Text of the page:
More NewsDiet Site’s New Year Resolution: Ad-Supported

Diet Site's New Year Resolution: Ad-Supported

Weight loss site SparkPeople.com has lifted membership fees in favor of an ad-supported model.

Online diet site SparkPeople.com has begun offering its premium services for free. The site plans to bring in advertisers rather than continue to charge membership fees.

Membership for the four-year old weight loss site was $1.99 per week. The four-year old site’s goal is to give away what would have been $100 million worth of online services under the paid model to users in 2006 as it moves to an ad-supported model . The company aims to bring in what it calls “quality” advertisers.

“We really want to work with quality advertisers, it has to be something that fits our philosophy in trying to help people reach their goals,” said SparkPeople.com founder, Chris Downie. “We’re probably giving up some revenue in the short term, but in the long term I think it will make us more attractive.”

Ads will be sold by an undisclosed company the diet site recently partnered with to provide advertising on its partner site, BabyFit.com. Downie said SparkPeople.com will likely have fewer ads than BabyFit.com, though he will not limit the types of ad units the site will offer.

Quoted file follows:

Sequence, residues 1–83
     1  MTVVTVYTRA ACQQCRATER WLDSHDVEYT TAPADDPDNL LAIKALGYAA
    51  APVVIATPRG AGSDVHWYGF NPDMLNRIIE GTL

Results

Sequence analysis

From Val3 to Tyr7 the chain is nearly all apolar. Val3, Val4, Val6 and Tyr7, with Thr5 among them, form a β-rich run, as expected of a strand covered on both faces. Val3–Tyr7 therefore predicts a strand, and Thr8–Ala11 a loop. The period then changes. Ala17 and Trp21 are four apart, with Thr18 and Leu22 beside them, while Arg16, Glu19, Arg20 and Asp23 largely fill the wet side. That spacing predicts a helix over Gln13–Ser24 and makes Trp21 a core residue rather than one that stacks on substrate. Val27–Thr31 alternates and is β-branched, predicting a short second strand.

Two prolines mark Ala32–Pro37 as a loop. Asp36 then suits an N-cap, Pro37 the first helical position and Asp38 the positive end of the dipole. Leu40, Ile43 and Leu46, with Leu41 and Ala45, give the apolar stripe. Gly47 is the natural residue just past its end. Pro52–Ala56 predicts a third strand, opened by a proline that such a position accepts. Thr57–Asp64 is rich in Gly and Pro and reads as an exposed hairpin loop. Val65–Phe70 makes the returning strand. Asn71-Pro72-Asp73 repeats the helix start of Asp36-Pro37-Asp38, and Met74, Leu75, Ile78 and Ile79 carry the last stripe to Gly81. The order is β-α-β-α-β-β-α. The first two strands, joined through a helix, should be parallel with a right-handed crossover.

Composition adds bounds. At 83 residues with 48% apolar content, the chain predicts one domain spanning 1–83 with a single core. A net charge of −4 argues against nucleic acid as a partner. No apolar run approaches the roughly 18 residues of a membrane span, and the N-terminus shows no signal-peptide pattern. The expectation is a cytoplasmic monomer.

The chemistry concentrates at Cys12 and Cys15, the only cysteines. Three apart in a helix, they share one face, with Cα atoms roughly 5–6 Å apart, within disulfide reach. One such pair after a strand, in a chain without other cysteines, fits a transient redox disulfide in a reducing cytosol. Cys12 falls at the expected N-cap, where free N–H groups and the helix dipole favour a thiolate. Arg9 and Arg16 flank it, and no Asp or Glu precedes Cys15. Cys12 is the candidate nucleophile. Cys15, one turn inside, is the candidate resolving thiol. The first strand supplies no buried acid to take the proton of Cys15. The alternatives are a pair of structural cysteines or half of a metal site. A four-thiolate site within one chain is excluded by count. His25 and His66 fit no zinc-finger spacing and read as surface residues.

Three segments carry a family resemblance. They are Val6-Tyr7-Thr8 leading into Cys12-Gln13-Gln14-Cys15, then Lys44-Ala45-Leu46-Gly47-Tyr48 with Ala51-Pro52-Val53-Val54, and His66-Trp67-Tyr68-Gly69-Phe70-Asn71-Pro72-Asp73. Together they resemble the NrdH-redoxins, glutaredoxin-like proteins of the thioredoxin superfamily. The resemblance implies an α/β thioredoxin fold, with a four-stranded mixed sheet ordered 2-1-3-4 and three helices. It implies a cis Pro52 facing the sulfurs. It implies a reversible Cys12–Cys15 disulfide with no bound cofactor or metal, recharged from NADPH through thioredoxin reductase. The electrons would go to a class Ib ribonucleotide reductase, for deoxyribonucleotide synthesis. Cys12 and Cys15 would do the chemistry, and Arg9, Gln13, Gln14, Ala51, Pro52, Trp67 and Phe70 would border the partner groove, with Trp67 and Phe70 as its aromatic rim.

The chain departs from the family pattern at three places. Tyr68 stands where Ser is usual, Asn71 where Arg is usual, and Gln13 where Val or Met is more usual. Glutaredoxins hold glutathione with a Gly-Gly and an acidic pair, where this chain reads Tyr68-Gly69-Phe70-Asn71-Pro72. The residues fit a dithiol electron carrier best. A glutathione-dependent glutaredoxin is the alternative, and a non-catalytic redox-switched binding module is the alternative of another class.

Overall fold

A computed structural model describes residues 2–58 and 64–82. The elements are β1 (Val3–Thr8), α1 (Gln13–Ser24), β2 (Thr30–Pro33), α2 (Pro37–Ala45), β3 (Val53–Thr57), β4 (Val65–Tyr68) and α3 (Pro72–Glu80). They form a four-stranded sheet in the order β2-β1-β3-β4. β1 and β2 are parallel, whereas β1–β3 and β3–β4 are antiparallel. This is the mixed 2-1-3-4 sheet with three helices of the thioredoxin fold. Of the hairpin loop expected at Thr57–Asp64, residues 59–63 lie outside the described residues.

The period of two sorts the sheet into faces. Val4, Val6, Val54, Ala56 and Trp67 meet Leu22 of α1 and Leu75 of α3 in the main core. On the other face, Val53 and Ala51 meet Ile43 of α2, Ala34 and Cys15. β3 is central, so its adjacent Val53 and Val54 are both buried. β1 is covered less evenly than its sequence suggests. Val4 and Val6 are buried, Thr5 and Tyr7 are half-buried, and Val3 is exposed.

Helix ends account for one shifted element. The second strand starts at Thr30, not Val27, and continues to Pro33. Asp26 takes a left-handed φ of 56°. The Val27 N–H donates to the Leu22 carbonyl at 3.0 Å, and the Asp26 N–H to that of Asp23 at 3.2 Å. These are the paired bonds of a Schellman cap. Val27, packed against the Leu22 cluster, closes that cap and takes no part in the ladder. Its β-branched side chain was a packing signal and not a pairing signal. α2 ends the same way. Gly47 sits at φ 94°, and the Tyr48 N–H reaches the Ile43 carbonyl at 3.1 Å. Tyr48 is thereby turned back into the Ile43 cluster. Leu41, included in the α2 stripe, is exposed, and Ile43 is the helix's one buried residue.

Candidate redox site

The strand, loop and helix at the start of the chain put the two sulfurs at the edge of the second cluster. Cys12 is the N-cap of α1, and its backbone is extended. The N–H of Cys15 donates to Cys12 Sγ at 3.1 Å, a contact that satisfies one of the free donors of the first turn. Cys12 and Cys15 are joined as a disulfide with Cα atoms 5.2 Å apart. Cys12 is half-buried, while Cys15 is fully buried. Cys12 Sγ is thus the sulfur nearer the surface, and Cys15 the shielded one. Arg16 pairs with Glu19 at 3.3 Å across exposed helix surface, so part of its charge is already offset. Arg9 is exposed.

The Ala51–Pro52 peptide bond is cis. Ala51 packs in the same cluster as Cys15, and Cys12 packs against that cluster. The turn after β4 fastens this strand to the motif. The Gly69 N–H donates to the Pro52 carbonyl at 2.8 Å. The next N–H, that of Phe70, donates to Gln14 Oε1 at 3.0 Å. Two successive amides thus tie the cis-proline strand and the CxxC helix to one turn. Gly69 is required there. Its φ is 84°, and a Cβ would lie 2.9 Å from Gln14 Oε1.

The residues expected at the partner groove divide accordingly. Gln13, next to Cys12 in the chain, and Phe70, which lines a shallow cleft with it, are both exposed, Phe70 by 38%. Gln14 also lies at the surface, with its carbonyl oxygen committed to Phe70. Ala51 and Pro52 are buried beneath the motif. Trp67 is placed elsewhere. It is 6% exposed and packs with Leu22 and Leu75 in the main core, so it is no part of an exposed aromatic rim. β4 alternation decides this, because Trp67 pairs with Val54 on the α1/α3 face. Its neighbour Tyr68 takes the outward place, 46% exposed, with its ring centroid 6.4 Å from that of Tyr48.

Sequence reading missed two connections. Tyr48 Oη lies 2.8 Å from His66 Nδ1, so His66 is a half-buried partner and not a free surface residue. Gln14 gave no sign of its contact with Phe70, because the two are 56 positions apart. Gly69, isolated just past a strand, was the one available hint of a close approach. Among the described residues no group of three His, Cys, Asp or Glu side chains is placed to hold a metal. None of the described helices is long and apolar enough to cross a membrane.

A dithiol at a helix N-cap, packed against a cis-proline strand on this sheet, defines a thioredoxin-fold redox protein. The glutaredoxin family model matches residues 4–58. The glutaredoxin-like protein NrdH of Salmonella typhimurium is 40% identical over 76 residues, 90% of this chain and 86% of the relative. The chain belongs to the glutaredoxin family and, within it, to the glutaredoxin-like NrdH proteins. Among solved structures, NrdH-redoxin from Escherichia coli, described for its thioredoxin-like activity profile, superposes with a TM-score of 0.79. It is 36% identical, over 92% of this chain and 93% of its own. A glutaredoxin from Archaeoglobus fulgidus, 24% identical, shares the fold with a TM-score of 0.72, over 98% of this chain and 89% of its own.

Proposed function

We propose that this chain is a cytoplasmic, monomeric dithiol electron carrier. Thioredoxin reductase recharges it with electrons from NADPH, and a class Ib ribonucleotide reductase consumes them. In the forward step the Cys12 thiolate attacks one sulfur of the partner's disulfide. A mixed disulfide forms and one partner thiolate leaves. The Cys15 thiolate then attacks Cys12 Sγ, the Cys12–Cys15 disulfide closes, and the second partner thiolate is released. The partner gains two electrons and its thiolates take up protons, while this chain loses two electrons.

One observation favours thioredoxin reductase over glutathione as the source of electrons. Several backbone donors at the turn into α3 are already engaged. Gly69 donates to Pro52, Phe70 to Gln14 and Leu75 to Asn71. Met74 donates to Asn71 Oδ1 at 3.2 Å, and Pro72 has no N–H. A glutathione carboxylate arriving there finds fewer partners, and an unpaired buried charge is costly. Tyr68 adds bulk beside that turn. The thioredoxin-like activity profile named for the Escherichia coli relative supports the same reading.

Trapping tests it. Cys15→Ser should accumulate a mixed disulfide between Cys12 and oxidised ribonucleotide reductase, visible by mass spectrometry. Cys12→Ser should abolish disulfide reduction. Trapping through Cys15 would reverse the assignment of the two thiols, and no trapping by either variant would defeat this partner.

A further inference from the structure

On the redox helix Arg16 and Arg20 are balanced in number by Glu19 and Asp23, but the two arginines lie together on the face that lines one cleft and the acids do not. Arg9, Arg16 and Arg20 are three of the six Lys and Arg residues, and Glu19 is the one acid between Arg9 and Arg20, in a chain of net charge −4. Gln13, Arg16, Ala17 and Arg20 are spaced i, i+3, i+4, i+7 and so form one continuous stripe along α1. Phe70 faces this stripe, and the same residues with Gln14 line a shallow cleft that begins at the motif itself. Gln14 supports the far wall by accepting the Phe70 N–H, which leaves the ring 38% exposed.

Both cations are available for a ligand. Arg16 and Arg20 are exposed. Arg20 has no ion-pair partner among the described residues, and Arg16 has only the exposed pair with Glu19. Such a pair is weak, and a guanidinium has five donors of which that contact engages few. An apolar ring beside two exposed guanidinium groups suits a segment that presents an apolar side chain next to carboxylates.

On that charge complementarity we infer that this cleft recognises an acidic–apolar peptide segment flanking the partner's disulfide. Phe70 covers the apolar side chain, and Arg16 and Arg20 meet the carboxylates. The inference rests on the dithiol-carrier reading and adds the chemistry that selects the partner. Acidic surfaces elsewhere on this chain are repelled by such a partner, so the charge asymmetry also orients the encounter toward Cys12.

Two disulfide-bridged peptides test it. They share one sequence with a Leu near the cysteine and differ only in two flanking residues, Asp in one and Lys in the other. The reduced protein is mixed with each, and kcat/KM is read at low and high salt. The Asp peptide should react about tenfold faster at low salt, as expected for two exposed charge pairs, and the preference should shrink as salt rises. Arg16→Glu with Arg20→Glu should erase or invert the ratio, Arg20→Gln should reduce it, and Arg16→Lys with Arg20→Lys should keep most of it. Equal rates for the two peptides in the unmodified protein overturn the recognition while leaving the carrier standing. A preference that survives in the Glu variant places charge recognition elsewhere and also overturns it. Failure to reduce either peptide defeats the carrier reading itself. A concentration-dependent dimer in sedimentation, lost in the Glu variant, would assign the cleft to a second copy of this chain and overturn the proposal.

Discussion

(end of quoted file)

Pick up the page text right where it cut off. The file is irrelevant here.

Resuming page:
The slow rollout is enabled by the company’s lean structure. SparkPeople.com runs with a staff of about 15 employees to competitor eDiets.com’s staff of over 140.

“I look at Craigslist as a model, they have done an incredible job with 18 employees with little paid advertising,” said Downie. “We keep our expenses as low as we possibly could and that lets us stay in operation.”

SparkPeople buys cost-per-click advertising for the site. It also sees an increase in site visitors from word-of-mouth.

Introduction of free membership is timed for the start of 2006 and its corresponding New Year’s resolutions. It’s a time of year when competitors such as WeightWatchers.com and eDiets.com promote themselves heavily.

“By coming to SparkPeople you can work on two resolutions,” said Downie. “Losing weight and saving money.”

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